8. 8. PROHIBITIONPROHIBITION • The 18th Amendment(1919)prohibited the sale andThe 18th Amendment(1919)prohibited the sale and consumption of alcohol.consumption of alcohol. • Although alcohol was illegal, it was distributedAlthough alcohol was illegal, it was distributed through" bootleggers."through" bootleggers." • Bootlegging means the production and sale of liquor.Bootlegging means the production and sale of liquor. • Alcohol was served in illegal night-clubs which wereAlcohol was served in illegal night-clubs which were called "speakeasies."called "speakeasies." • It was the time of famous gangsters like Al CaponeIt was the time of famous gangsters like Al Capone and events like the St. Valentine's Day massacreand events like the St. Valentine's Day massacre happened. During that time the Mafia becamehappened. During that time the Mafia became important in American society.important in American society.
    9. 9. PROHIBITIONPROHIBITION
    10. 10. THE CHANGING ROLE OFTHE CHANGING ROLE OF WOMENWOMEN• The 19th Amendment(1920) gave women the right toThe 19th Amendment(1920) gave women the right to vote.vote. • During the Twenties 9 million women were employedDuring the Twenties 9 million women were employed and earned money on their own; many youngerand earned money on their own; many younger women used their money to enjoy themselves.women used their money to enjoy themselves. • Women bobbed their hair.Women bobbed their hair. • They were able to drink and smoke in public. For theThey were able to drink and smoke in public. For the first time, female alcoholism is a major problem.first time, female alcoholism is a major problem. • The liberated young women were called" flappers."The liberated young women were called" flappers." InIn The Great Gatsby,The Great Gatsby, Jordan Baker is such a new typeJordan Baker is such a new type of woman. She is living alone and has equalof woman. She is living alone and has equal relationships to men. She is self-confident in dealingrelationships to men. She is self-confident in dealing with others. Tom comments on her new freedom as awith others. Tom comments on her new freedom as a woman.woman.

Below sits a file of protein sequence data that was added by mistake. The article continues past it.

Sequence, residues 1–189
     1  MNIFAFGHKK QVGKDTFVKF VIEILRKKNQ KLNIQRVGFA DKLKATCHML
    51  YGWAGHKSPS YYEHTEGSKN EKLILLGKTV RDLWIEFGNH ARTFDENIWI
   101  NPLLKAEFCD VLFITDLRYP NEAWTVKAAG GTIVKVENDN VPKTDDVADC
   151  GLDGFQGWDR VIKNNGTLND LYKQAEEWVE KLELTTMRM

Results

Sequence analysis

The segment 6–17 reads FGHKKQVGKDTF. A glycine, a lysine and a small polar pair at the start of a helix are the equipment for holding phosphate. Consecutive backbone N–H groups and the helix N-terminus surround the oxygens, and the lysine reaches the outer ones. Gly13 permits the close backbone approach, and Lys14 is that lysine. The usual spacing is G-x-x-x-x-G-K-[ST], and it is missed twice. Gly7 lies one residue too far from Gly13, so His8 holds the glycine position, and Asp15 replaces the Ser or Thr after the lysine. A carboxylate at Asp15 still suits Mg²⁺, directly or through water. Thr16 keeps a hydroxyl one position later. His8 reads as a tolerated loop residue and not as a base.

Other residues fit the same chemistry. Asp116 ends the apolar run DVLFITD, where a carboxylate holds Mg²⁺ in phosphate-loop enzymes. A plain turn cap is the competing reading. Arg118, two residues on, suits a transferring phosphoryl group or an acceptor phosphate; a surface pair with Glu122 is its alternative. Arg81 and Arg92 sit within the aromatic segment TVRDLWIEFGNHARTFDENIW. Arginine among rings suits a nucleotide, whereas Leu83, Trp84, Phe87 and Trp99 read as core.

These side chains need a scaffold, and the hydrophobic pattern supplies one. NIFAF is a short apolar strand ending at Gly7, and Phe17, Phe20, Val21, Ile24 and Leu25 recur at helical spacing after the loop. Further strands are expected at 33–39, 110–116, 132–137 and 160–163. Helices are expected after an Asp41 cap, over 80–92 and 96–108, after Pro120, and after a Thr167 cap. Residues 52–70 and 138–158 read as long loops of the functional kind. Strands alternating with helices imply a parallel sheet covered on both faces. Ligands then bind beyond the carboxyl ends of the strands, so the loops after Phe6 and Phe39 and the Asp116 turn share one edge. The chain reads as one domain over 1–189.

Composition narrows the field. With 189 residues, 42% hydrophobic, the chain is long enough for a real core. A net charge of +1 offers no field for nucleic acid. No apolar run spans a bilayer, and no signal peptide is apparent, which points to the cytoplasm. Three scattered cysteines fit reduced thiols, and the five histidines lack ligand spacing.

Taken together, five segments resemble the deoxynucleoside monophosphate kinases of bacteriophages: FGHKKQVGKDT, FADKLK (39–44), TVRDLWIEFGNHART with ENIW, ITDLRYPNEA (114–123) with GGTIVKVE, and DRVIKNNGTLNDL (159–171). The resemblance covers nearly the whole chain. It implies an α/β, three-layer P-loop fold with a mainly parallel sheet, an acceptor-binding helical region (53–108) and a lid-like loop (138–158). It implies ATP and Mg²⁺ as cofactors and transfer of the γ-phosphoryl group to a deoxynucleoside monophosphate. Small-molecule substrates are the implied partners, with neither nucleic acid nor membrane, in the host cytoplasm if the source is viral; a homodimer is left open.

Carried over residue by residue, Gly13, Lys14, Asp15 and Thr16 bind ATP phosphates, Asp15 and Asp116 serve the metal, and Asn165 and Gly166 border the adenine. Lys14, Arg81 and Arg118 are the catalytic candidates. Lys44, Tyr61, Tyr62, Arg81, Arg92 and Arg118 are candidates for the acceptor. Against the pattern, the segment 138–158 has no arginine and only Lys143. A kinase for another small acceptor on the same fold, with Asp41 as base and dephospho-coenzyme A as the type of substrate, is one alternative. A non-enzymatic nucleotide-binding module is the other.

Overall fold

11. 11. Flapper Culture and StyleFlapper Culture and Style
    12. 12. HARLEM MOVEMENTHARLEM MOVEMENT Southern gentle lady,Southern gentle lady, Do not swoon.Do not swoon. They've just hung a blackThey've just hung a black manman In the dark of the moon.In the dark of the moon. They've hung a black manThey've hung a black man To the roadside treeTo the roadside tree In the dark of the moonIn the dark of the moon For the world to seeFor the world to see How Dixie protects Its white womanhood Southern gentle lady, Be good! Be good! Silhouette by Langston Hughes
    13. 13. FACTS ABOUT THE DECADEFACTS ABOUT THE DECADE • 106,521,537 people in the United States106,521,537 people in the United States • 2,132,000 unemployed, Unemployment 5.2%2,132,000 unemployed, Unemployment 5.2% • Life expectancy: Male 53.6, Female 54.6Life expectancy: Male 53.6, Female 54.6 • 343,000 in military (down from 1,172,601 in 1919)343,000 in military (down from 1,172,601 in 1919) • Average annual earnings $1236; Teacher's salary $970Average annual earnings $1236; Teacher's salary $970 • Dow Jones High 100 Low 67Dow Jones High 100 Low 67 • Illiteracy rate reached a new low of 6% of the population.Illiteracy rate reached a new low of 6% of the population. • Gangland crime included murder, swindles, racketeeringGangland crime included murder, swindles, racketeering • It took 13 days to reach California from New York. ThereIt took 13 days to reach California from New York. There were 387,000 miles of paved road.were 387,000 miles of paved road.